LANDING UP (2018)
Starring Stacey Maltin, Ben Rappaport, E’dena Hines, Dov Tiefenbach, Jay DeYonker, Theodora Woolley, James K. Fulater, Jon Lavranos, Grace Capeless, Julie Hays, Marzy Hart, Neal Lerner, Jared Kemp, Edan Jacob Levy, Bettina Skye, Raeden Greer, Brian Ray Norris, Michael Cicetti, Chad Carstarphen, Chris Beier and Nathaniel Jackson.
Screenplay by Stacey Maltin.
Directed by Dani Tenenbaum.
Distributed by Random Media. 98 minutes. Not Rated.
Romantic comedy and homelessness normally don’t seem like two things which would go together well. Just as a matter of tone it seems like it could be awkward mash-up; going from light to dark and back with regularity.
Landing Up actually does a pretty good job of balancing the extremes of its contrasting parts, telling a sweet love story with the backdrop of a tragic life on the mean streets of New York.
The lead character is Chrissy (Stacey Maltin), which is actually one of many aliases used by a twenty-something young woman who landed on the streets after arriving on a bus from Ohio. (Late in the film, it is suggested that her real name may be Katie Jo, but we don’t know 100% sure that this is not just another one of her lies.) There was some vague trouble back home which made her leave home and estranged her from her parents – but she won’t really talk about it.
She has come up with a scam – hanging out at bars and picking guys up – trading sex for drinks, food, drugs and shelter for the night (though never, ever letting them know she is homeless). When she can’t find a taker, she usually ends up at a local shelter, often having to put up with the boss’ harassment for a bed or a lead for a good day job.
Screenwriter and actress Maltin does a good job of showing the contradictions of Chrissy’s character – she pendulums from hard-hearted to desperately needy depending on the situation and the man. Though honestly, she often looks a little bit too healthy, well-fed and clean to be a strung-out homeless woman. (That cleanliness may be chalked up to her always using the guys’ showers before leaving, but I doubt she has time to wash her clothes.)
Chrissy’s best friend (and guardian angel) is Cece (E’dena Hines), a street-life veteran who has been showing her the ropes of survival. Chrissy and Cece are saving money to get an apartment together, though Cece does often stays over with Joe (Dov Tiefenbach), a paranoid (and seemingly bipolar) addict who has his own place.
It’s devastating how good the performance was from late Hines – the step-granddaughter of Morgan Freeman, who was tragically murdered by her addict boyfriend soon after Landing Up finished shooting in 2015. (Watching the scenes with Joe take on additional power knowing her eventual fate.) To make it all the sadder, the boyfriend was just found not guilty of murder about a week before the film debuted on video and streaming, though he was convicted for manslaughter.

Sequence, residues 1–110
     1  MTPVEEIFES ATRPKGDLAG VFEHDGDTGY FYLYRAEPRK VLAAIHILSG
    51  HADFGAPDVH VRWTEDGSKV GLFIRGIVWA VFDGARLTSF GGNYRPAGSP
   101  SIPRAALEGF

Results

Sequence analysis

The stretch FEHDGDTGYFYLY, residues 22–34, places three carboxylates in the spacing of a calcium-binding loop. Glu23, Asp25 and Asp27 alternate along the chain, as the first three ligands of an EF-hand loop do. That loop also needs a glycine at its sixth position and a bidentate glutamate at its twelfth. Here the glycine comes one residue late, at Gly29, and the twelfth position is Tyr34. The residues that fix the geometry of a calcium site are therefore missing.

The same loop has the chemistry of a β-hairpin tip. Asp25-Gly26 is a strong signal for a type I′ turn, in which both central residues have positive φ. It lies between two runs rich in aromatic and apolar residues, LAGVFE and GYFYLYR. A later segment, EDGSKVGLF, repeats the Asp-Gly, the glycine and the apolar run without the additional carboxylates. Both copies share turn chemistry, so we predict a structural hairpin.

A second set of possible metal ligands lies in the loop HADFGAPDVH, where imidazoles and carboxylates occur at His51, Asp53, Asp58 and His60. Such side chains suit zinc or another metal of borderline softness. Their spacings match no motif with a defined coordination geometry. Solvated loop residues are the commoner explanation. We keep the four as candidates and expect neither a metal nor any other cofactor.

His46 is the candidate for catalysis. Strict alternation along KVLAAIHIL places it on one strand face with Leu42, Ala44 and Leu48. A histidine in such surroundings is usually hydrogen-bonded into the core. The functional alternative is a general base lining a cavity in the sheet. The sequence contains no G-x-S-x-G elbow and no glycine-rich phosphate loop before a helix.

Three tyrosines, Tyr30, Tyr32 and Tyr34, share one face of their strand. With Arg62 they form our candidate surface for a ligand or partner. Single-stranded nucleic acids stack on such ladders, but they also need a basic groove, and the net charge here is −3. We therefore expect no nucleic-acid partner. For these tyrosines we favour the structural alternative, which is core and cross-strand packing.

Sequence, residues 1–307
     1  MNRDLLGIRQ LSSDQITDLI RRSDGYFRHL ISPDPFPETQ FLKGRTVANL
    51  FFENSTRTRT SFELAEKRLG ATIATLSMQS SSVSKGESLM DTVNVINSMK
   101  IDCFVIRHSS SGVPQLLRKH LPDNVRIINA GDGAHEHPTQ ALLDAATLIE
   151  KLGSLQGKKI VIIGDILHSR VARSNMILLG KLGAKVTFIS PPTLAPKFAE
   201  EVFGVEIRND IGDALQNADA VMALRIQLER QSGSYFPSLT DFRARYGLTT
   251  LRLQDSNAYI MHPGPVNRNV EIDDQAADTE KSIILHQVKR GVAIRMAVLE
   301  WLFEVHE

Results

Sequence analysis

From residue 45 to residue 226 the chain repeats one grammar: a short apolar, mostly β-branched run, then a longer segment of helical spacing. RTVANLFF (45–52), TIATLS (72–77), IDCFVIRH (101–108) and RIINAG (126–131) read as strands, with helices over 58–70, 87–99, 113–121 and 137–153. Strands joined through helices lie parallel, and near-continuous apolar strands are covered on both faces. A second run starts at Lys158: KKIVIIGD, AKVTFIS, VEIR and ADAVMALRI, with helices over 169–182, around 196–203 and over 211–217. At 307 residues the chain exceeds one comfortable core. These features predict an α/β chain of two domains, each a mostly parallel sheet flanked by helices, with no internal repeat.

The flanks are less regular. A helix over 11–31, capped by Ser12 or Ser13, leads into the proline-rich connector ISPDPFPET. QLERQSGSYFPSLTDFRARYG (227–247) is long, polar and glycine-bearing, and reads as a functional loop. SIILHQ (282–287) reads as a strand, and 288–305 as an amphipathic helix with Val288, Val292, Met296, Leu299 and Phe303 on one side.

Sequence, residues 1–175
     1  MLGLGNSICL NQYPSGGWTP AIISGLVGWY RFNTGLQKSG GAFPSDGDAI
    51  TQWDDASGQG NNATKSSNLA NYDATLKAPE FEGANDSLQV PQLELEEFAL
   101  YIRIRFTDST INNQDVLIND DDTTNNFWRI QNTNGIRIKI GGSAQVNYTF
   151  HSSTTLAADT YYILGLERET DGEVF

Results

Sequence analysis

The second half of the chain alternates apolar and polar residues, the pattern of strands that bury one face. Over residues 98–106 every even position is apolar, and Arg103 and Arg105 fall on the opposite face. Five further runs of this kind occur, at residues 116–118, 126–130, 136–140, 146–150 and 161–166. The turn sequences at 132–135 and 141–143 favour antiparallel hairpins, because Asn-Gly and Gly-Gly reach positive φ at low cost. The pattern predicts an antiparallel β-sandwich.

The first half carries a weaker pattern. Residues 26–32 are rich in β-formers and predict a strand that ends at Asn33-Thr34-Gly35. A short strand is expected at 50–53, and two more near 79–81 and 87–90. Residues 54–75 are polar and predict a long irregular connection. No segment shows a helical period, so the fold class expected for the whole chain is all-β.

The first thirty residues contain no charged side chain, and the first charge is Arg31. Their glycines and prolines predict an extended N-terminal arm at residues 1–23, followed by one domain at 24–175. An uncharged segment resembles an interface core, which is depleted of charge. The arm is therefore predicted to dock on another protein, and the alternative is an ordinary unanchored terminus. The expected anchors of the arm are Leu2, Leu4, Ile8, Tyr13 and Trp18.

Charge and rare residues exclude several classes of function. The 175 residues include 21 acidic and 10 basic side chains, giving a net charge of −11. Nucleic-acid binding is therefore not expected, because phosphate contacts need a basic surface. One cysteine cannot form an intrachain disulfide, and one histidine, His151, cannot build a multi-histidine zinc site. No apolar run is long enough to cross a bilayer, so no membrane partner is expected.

So, this is all not sounding too romantic or funny so far, is it? I know, I know, we’re getting there.
The romance comes in the form of David (Ben Rappaport), a handsome advertising exec who “meets cute” with Chrissy (known as Callie to him) by “accidentally” falling onto her while playing frisbee in Central Park, where she is laying out on a sunny day.
He asks her out on a date and they really hit it off. Soon she is spending every night at his place. However, she has to hide her background from him, living a complete fantasy life with him and lying regularly to him. In the meantime, David (and his annoyed single roommate, who is getting tired of having to listen to them having sex through the too-thin walls) can’t understand why they never go to her place, and why no one has seen any of her friends.
In the meantime, he has a hot co-worker who wants to hook up with him. Chrissy is trying to figure out how to break her truth to him, or at the very least find a place to show him as her own. Then he has a business trip with the hot co-worker, she’s stuck on the streets with nowhere to go, and you just know all of this is going to blow up.
Like I said, it’s an interesting merge of romantic comedy and serious drama – honestly the drama ends up taking up more of the storyline than the lighter parts.
Sometimes the movie relies a bit too much on coincidences. Come on, with the millions of porn clips on the internet, what really is the chance that the suspicious roommate would just happen to stumble upon Chrissy’s revenge porn snippet?
Also, sometimes it is a little bit hard to come to terms with the lighter and darker aspects of Chrissy’s personality. I get the fact that she is always acting different ways with different people to survive, but she switches – from good-naturedly goofy, to shut-off despair, to self-confidently assured, to desperately needy – on a dime. Honestly, there as some things she ends up doing, even in desperation, that are difficult to forgive.
Whether Chrissy and David end up together or not, there probably won’t be a happily ever after for her. But I don’t think she wants or expects that, she just wants a better, normal life.
Despite its very dark sections, Landing Up is actually surprisingly funny and upbeat through many parts. Its mood swings can sometimes be a little bit jarring, but overall it is a sweet and likable look at some basically good people who due to circumstances sometimes end up doing some very bad things.
Jay S. Jacobs
Copyright ©2018 PopEntertainment.com. All rights reserved. Posted: May 15, 2018.